6 June 2024

While the young Generation Z adults may not be the biggest group of voters yet, their keen interest in politics is set to have a super-sized influence on the outcome of Thailand’s general election next month.

A survey indicates that about 85% of the 7.67 million Generation Z-ers (Thais aged between 18 and 26) intend to vote on May 14.

Though Gen-Z members account for a relatively small proportion of the country’s 52 million-plus eligible voters, if they come together to make themselves heard, their choice will definitely count.

Gen Z politically aware

Twenty-four-year-old Pimpitchaya said she has already registered to vote outside her constituency because she will not be able to head back to her hometown on election day.

“But I have taken steps to ensure I can exercise my voting right. I want to have a say in the governance of my country. I have been following political news,” said the young woman, who spoke on condition that her last name was withheld.

Pimpitchaya said this will be the first time she will vote in a general election.

Like many of her peers, this first jobber supports the Move Forward Party. In her opinion, it represents the new generation and offers young people hope of seeing changes for the better in Thai society.

“Inequality should be wiped out. Democracy should become stronger. A people-centric approach should be applied to problem-solving at all levels,” she said.

Fellow Gen Z member Aom, a 20-year-old university student, has a different take on politics. She likes Pheu Thai Party’s policies the most, especially its pledge to offer free vaccines against cervical cancer and its policy to amend the 2017 Constitution to ensure it really serves the people.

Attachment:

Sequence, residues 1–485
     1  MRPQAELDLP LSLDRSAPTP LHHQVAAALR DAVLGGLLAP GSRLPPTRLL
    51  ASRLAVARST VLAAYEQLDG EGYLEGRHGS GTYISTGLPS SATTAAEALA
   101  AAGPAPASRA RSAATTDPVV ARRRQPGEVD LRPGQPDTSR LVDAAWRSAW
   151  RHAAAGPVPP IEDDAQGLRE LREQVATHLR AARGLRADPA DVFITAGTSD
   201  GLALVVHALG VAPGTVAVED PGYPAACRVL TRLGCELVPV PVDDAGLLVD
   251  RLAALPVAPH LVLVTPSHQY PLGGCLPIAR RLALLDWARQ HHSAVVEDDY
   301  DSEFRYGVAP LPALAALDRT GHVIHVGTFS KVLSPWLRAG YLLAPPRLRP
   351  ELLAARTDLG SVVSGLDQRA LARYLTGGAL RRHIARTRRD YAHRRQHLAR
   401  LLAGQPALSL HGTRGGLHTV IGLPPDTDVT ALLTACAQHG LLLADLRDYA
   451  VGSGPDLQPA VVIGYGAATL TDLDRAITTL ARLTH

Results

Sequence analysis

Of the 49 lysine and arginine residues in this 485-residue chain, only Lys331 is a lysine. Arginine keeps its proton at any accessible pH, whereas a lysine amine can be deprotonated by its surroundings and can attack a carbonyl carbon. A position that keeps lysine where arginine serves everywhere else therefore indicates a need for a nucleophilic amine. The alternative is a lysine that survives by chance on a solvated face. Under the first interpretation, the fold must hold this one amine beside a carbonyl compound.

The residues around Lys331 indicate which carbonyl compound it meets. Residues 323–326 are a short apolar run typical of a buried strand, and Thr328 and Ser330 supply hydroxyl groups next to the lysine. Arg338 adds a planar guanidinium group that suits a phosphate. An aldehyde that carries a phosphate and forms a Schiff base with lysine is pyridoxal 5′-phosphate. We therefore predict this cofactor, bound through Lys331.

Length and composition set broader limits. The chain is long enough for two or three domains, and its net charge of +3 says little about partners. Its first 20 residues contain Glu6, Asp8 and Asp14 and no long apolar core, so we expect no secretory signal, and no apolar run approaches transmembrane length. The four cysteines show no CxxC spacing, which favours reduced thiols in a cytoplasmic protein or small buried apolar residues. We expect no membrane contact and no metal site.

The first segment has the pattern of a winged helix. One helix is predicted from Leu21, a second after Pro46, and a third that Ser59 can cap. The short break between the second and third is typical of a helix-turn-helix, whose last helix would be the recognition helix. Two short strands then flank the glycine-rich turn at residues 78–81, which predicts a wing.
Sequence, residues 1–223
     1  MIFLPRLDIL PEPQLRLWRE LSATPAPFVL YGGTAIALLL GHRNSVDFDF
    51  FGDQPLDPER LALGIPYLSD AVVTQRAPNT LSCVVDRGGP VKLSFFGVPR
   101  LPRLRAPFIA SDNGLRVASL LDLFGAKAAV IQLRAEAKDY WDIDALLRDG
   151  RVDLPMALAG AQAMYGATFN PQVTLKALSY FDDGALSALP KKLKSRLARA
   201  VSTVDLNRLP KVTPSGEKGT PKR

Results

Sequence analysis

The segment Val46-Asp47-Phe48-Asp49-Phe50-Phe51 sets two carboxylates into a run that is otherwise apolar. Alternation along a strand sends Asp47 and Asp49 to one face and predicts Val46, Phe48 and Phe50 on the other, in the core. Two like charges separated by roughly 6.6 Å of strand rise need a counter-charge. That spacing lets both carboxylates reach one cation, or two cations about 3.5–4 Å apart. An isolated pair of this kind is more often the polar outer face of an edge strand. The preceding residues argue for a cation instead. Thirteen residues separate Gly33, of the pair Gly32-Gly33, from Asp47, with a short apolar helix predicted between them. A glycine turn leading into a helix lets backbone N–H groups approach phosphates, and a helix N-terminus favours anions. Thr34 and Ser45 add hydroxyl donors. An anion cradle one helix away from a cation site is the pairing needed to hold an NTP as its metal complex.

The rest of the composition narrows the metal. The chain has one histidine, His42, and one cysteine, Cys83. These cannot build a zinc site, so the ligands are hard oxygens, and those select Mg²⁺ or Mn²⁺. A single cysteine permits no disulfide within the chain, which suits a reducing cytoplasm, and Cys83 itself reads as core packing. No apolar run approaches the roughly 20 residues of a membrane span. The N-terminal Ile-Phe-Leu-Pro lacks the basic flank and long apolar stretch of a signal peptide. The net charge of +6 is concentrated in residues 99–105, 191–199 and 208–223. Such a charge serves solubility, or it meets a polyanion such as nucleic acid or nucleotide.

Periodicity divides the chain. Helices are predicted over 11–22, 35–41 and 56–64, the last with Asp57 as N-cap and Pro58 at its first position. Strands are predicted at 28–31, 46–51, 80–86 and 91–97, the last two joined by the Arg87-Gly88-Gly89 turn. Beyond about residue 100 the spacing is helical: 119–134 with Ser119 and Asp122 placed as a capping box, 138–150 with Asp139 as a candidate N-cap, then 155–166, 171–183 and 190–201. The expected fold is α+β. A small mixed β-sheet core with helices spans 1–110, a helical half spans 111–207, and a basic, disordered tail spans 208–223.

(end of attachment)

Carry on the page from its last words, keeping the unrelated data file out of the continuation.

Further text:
“I have been following the country’s political situation for a long while, because I believe politics affects everybody,” she said. “I will cast my vote because I hope my vote can change the country.”

Voter turnout at the 2019 general election stood at 74.84% nationwide.

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Favorite PM candidates

Move Forward Party leader Pita Limjaroenrat topped the list of young voters’ choices for next prime minister, according to a recent survey conducted by Rangsit University political science lecturer Assoc Prof Thamrongsak Petchlertanan.

Conducted from March 14 to 25 and covering some 1,050 Gen-Z members, the survey found that 29.2% of respondents wanted Pita as the next premier.

Coming a distant second was Pheu Thai Party’s Paetongtarn Shinawatra with 23% of votes. The third-ranking candidate, Thai Sang Thai Party leader Khunying Sudarat Keyuraphan, was far behind with just 3.3%. Prime Minister General Prayut Chan-o-cha, who is running under the United Thai Nation Party banner, barely registered with just 1.3%. However, it should be noted that 26.9% of the respondents chose not to answer.

Parties on young voters’ radar

Olarn Thinbangtieo, who teaches at Burapha University’s Faculty of Political Science and Law, said young people prefer the Move Forward Party because they can relate to it.

“Young voters feel this party hails from the same generation. Plus, Move Forward is also very good at communicating,” he said.